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Child poverty on the rise in P.E.I.: Boyd

Murphy's Community Centre in Charlottetown
Murphy's Community Centre in Charlottetown

A public meeting will take place Monday in Charlottetown to highlight the lack of progress in ending child poverty. 

The meeting will take place Monday, Nov. 25 at 1:30 p.m. at the Murphy Community Centre.

Mary Boyd, with the MacKillop Centre for Social Justice, says the meeting will mark the 30th anniversary since the House of Commons' unanimous all-party resolution in 1989 to end child poverty in Canada by the year 2000. 

The P.E.I. Coalition for a Poverty Eradication Strategy and the MacKillop Centre for Social Justice are sponsoring Monday’s meeting to talk about effective ways to get on with the task of eradicating poverty. The guest speaker will be economics professor Pavlina Tcherneva. 

Tcherneva’s topic is: “Good Jobs for All: Fighting Poverty with a Job Guarantee.”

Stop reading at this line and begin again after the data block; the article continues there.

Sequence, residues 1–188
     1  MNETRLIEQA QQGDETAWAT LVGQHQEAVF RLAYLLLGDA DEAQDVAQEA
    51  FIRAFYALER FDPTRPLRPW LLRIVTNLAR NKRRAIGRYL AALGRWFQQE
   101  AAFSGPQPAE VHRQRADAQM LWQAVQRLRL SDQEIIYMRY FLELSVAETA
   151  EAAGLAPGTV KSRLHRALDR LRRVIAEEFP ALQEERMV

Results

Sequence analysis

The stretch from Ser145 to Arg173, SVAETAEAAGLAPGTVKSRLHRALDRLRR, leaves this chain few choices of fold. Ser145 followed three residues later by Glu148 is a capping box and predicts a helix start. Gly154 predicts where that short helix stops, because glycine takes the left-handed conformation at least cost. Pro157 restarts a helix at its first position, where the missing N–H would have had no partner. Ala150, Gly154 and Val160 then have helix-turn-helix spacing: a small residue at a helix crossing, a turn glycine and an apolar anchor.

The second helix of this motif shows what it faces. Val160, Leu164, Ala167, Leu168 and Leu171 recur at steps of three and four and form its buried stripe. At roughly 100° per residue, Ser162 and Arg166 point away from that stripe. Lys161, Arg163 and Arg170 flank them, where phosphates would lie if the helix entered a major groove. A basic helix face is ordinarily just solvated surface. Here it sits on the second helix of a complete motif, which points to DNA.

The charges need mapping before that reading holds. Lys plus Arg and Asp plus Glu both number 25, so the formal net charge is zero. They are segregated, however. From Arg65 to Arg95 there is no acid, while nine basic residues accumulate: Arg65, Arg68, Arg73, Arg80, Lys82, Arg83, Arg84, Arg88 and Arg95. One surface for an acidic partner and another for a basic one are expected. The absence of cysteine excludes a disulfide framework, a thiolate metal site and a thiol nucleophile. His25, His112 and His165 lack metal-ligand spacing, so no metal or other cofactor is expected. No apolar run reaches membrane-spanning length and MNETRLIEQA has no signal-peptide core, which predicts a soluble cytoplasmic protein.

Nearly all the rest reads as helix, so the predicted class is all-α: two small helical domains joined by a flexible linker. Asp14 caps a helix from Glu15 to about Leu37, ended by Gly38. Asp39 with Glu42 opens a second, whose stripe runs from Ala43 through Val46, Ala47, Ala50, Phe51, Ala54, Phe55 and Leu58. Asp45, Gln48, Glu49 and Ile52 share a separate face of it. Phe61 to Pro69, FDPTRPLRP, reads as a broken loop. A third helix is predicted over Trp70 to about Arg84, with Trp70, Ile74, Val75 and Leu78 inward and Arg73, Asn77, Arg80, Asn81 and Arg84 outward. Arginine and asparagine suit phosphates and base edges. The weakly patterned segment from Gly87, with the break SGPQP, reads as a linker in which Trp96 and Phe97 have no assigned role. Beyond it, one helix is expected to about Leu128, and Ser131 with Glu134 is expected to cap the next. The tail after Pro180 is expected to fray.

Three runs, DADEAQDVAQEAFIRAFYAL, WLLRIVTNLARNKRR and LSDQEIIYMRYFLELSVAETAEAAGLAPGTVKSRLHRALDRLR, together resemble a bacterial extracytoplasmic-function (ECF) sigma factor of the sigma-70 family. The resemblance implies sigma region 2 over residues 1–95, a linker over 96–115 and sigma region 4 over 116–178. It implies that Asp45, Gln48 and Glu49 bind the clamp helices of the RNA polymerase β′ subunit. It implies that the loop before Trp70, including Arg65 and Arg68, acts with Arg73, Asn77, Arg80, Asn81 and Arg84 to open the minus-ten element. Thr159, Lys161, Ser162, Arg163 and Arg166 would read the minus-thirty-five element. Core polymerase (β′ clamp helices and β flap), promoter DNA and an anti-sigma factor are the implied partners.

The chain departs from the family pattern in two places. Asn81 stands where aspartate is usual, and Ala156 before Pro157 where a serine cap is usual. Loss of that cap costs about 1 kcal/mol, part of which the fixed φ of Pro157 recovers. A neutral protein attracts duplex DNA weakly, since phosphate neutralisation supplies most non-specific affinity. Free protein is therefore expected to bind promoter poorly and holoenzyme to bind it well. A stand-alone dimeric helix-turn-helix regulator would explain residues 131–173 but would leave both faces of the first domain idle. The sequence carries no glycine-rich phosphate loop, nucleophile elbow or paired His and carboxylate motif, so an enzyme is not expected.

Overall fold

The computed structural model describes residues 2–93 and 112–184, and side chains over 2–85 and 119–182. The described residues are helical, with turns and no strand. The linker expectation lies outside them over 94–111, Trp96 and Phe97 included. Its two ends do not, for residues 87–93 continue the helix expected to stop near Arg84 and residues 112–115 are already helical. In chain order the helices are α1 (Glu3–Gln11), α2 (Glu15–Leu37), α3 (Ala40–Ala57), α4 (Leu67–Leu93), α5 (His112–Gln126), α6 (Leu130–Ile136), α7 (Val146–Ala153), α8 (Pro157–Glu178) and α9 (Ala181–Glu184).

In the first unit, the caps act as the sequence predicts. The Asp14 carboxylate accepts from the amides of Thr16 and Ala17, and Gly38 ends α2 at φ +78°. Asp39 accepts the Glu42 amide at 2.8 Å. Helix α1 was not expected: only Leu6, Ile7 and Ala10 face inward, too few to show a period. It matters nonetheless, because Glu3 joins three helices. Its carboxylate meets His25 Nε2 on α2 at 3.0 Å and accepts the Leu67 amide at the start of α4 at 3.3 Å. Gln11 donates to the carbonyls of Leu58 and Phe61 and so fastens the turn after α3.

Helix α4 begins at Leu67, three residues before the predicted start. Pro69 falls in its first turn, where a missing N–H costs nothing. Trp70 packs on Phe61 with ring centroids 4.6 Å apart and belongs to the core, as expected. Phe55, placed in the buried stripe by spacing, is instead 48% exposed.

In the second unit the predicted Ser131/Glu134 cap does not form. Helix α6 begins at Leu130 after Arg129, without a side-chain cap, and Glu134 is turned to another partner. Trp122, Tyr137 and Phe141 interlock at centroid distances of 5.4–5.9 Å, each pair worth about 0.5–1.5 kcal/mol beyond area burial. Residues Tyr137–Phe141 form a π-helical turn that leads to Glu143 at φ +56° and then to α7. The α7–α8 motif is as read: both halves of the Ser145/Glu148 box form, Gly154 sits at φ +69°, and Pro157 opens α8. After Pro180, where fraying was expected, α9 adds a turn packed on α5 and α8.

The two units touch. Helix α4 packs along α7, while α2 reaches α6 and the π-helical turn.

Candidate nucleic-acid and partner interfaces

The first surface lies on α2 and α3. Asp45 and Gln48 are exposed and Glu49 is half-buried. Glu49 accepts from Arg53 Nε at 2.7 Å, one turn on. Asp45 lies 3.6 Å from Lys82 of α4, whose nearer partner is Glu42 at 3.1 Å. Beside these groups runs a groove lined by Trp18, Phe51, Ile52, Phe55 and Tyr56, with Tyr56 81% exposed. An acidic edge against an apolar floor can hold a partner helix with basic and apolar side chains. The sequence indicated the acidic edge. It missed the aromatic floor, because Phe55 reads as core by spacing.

“Since 1989, little has been done to eradicate child and family poverty,” said Boyd.

“The latest report on poverty by federal riding dated 2017, shows there are even more children in poverty now at 1.4 million. When the 1989 resolution was passed, 1,066,150 Canadian children suffered from poverty.”

The Charlottetown riding’s 2016 poverty rate was 27.2 per cent, and dropped to 26.3 per cent, by the end of 2017, a reduction of 0.9 per cent. The Egmont riding rate dropped from 20.3 per cent to 18.9 per cent, a reduction of 1.4 per cent. In the Cardigan riding the poverty rate dropped from 18.7 per cent to 16.9 per cent for a reduction of 1.8 per cent and in Malpeque the rate dropped from 15.6 per cent to 13.7 per cent for a reduction of 1.9 per cent. 

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